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Contribution to Collected Edition

Germany: Co-operative Federalism and the Overgrazing of the Fiscal Commons

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Manow,  Philip
Politik und politische Ökonomie, MPI for the Study of Societies, Max Planck Society;

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Citation

Manow, P. (2005). Germany: Co-operative Federalism and the Overgrazing of the Fiscal Commons. In H. Obinger, S. Leibfried, & F. G. Castles (Eds.), Federalism and the Welfare State: New World and European Experiences (pp. 222-262). Cambridge: Cambridge University Press.


Cite as: http://hdl.handle.net/11858/00-001M-0000-0012-4EDE-9
Abstract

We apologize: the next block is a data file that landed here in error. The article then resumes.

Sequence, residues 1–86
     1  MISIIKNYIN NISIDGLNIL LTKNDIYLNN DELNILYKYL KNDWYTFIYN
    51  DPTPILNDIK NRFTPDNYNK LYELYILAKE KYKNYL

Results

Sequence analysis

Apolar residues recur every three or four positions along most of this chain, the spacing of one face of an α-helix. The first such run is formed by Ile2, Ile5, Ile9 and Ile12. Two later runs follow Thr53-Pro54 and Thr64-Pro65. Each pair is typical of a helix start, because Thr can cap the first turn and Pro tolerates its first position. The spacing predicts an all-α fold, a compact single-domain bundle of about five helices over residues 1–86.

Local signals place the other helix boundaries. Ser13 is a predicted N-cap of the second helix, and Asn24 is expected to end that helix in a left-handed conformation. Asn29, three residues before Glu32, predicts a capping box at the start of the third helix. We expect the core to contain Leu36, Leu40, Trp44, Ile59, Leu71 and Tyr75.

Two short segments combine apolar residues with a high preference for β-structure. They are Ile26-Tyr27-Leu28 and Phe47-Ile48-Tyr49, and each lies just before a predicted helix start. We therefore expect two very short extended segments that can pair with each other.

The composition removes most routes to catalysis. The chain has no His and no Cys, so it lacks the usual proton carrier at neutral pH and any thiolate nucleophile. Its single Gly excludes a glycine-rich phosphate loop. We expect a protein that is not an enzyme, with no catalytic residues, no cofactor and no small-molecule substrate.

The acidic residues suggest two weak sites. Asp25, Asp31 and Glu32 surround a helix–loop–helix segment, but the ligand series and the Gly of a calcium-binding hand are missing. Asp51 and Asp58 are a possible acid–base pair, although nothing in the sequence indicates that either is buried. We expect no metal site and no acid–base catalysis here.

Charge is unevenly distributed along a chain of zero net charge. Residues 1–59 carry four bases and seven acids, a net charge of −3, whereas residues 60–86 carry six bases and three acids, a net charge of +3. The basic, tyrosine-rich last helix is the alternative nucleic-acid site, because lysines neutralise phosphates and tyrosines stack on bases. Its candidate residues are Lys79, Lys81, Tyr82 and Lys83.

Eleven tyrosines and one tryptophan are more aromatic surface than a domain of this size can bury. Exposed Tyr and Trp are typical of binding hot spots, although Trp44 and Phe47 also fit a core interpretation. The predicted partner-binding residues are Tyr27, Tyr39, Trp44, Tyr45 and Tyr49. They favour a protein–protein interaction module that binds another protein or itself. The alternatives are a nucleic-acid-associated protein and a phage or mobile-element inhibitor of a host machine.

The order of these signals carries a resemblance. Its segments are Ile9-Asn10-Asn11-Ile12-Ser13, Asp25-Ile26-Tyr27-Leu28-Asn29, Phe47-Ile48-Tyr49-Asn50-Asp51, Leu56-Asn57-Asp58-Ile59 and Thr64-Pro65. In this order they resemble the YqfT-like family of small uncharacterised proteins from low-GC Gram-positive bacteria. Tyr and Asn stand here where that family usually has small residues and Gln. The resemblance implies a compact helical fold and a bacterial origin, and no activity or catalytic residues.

Conventional wisdom strongly suggests that federalism is inimical to high levels of social spending. Two arguments are prominent in this context: a veto point thesis and a ‘competition of jurisdictions’ thesis. The veto point thesis is quite straightforward: federal systems have more veto points than unitary systems ceteris paribus. This increases the probability that groups opposed to welfare state expansion can exert some influence in the legislative process. Veto points would then give these groups the opportunity to block or substantially water down redistributive legislation. ‘Competition of jurisdiction’ arguments hold that welfare redistribution is limited in federal systems because those who would pay more than they would gain in a given jurisdiction (high income earners, ‘capital’) can credibly threaten to exit highly redistributive jurisdictions and join those that are less égaliste. At the same time, those who gain more than they would pay (e.g. low income earners) are attracted to regions with higher levels of redistribution and these would therefore develop into ‘welfare magnets’. Thus, a redistributional policy stance is self-defeating in a federal context. Indeed, many econometric studies of the determinants of welfare state spending have found that federalism exerts a statistically significant, stable and negative influence on social spending. Prominent country cases are Switzerland and the United States, both strongly federalist countries and historically, prominent welfare ‘laggards’ (although since 1980 Switzerland has moved rapidly from laggard to leadership status).